10.1.7 However, having the ‘buy in’ of future developers, marine users, local communities and consenting authorities was identified as an essential factor in the realisation of any potential benefits associated with the Pilot Plan. This was also considered to be a key factor in the role of the Pilot Plan in shaping the development of the two upcoming Regional Marine Plans, particularly in fostering engagement with stakeholders ahead of their development.
10.2.1 While the drive for sustainable development and growth within the PFOW area was seen as a key ambition of the Pilot Plan, the growth of marine industry in the region is also likely to present a number of challenges in the future.
10.2.2 While the SA identified the potential for the Pilot Plan and its policies to have significant positive effects, this is likely to depend on achieving the ‘buy in’ of stakeholders to the ambitions set out in the Pilot Plan. Without the support of developers, marine users, consenting authorities and local communities, the SA considered that many of the potential positive effects identified in the assessment would be unlikely to materialise. As such, the formal public consultation process supported by ongoing engagement with stakeholders is likely to play an important role in obtaining feedback on the draft Pilot Plan and in identifying possible improvements, opportunities and limitations. In particular, the stakeholder engagement undertaken in the development of the Pilot Plan and the lessons learned through its development is also likely to lay the foundation for future discussions and stakeholder involvement in the development of Regional Marine Plans for Orkney and the North Coast. The documentation of lessons learned was identified as a means of ensuring that the development of the Pilot Plan usefully informs the development of regional plans, both in terms of the PFOW area and in other parts of Scotland.
10.2.3 The staged approach taken in the development of the draft Pilot Plan was specifically adopted to help identify and fill data gaps and uncertainties in relation to the marine environment; in particular, the inclusion of a stage for studies for the Plan’s development and the subsequent preparation of RLG and the Environmental and Socio-economic Baselines. Building upon this knowledge-base is likely to be a critical aspect in progressing regional marine planning in the PFOW area, and particularly in further developing the required spatial information likely to be needed to inform the development of relevant and useful Regional Marine Plans. The consultation process and ongoing engagement with stakeholders may also provide opportunities to seek input on the information outlined in the Pilot Plan, the SA and the RLG, and for identifying opportunities to enhance this data.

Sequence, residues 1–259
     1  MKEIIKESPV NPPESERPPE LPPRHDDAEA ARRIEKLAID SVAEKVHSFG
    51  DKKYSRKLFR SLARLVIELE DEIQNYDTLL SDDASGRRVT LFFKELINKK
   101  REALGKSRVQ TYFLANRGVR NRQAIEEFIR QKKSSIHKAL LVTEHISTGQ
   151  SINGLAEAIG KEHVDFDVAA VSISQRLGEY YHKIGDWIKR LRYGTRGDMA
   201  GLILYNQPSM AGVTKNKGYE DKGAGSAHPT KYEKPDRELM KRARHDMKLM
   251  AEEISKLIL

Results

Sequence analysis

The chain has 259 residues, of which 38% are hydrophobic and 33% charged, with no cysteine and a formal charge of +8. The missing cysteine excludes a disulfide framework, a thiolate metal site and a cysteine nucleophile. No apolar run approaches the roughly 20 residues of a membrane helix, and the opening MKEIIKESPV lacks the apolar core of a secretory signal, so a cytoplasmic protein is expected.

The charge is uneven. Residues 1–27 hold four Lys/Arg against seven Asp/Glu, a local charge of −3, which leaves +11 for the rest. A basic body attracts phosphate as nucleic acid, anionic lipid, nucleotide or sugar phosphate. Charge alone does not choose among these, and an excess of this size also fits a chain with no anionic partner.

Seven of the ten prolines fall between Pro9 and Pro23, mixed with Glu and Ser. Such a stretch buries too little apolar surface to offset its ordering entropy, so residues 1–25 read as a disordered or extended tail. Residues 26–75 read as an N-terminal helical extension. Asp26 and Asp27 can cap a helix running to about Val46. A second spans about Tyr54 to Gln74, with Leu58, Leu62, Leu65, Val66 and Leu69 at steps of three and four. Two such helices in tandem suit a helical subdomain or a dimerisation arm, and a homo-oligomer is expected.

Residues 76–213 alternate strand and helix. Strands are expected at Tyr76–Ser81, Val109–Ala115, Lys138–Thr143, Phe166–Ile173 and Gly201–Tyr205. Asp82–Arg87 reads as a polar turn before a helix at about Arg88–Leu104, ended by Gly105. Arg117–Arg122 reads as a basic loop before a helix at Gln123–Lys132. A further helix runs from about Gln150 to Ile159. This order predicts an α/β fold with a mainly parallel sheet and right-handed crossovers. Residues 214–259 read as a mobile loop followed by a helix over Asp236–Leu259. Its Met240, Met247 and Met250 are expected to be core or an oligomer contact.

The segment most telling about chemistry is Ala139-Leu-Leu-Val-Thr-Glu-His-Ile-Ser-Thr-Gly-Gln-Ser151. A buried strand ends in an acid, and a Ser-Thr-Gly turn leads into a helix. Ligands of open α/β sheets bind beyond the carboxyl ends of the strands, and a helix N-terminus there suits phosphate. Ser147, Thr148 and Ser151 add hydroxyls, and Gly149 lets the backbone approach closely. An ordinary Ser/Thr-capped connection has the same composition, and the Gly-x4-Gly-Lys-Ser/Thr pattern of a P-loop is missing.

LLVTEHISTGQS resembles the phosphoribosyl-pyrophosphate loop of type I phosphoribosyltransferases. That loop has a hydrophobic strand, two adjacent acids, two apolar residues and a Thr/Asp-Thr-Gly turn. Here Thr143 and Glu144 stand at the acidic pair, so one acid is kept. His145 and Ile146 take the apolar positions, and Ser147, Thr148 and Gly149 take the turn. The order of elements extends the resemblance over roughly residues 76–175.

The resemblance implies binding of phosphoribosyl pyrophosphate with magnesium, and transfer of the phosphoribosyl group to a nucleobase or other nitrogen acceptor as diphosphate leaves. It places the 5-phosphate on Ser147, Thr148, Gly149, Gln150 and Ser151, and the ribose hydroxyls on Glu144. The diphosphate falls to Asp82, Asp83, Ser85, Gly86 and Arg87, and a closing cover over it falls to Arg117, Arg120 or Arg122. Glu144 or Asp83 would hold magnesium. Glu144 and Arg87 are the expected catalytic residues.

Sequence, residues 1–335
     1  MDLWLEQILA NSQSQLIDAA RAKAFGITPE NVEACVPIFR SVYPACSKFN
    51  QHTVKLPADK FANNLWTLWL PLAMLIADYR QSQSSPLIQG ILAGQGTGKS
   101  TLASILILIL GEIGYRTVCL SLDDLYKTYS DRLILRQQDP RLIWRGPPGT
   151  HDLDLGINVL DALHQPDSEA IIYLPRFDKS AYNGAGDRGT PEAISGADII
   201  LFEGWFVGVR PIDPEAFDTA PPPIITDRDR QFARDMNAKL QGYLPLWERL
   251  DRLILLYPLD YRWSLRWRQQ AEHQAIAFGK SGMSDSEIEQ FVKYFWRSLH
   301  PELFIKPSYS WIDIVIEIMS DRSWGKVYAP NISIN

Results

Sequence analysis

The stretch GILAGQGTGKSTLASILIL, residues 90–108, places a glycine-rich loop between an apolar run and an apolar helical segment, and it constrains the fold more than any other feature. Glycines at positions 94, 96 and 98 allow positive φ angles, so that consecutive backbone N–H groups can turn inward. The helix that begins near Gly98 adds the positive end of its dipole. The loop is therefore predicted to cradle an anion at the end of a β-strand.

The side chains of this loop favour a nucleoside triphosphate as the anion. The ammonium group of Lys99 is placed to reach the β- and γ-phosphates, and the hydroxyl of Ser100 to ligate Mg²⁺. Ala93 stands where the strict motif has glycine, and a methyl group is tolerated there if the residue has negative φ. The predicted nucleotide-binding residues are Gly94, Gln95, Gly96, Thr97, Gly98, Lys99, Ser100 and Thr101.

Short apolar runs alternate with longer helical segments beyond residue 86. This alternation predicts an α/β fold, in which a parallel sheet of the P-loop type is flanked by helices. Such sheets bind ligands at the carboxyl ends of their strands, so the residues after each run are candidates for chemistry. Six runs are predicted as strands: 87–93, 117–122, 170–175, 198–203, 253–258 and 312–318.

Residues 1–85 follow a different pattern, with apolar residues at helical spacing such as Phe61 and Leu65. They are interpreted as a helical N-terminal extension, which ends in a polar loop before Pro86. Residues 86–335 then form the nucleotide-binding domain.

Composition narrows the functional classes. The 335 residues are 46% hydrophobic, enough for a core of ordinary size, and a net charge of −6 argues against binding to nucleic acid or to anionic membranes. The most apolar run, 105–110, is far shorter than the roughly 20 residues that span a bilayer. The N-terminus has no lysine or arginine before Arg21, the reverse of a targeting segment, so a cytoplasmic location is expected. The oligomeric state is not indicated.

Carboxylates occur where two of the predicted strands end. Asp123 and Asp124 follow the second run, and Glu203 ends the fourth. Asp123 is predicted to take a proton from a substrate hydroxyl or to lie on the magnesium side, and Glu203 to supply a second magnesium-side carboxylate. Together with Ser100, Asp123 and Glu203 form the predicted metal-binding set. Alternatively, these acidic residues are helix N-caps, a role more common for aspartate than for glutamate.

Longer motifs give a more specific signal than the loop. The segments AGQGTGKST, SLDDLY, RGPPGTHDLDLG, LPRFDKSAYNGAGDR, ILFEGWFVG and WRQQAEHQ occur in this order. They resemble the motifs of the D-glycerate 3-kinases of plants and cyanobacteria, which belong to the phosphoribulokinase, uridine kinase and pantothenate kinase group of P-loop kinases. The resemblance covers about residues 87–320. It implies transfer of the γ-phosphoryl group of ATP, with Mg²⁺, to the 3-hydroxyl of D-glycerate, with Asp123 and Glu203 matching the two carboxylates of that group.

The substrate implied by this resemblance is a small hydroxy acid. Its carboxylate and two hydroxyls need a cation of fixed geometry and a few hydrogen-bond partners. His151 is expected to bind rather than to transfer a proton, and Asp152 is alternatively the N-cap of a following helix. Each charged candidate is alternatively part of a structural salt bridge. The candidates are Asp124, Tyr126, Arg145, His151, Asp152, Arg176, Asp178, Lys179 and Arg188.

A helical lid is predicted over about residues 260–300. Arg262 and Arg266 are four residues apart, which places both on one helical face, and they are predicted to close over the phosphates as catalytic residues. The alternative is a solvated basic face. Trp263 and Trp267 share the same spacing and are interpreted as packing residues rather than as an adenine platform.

10.2.4 The SA identified the potential for conflicts between some coastal and marine users, and the potential for some sectors to grow or develop at the expense of others. The potential for associated impacts on existing sectors and marine users through the emergence of new or evolving sectors was also identified (e.g. offshore renewables, offshore aquaculture). This is likely to be an important consideration in future iterations of marine planning in the PFOW area, particularly if developed with a more spatial approach. The resilience of coastal communities to change, particularly those reliant on specific industries (e.g. fishing, recreation and tourism), was also identified as a concern, particularly as sectoral growth is likely to be driven by market forces. In addition, ensuring any environmental, social or economic risks associated with sectoral growth are minimized while growth itself is optimized was also seen as a likely challenge.
10.2.5 As areas of pressure or opportunity become more apparent, the regional plans and their future iterations could be used to rebalance regional ambitions, including the identification and management of adverse impacts. Maintaining links with wider policies such as the NPF3, NMP, Sectoral Marine Plans for Offshore Renewables and existing consenting processes should also help to ensure that the scale of development in different areas is recognised and addressed through strategic level mitigation, as well as that at the project level. Further, this could be used to guide future monitoring programmes, ensuring that they are appropriately targeted towards priority data gaps and produce relevant and useful outcomes that inform future decision-making. This is discussed in further detail in Section 10.3.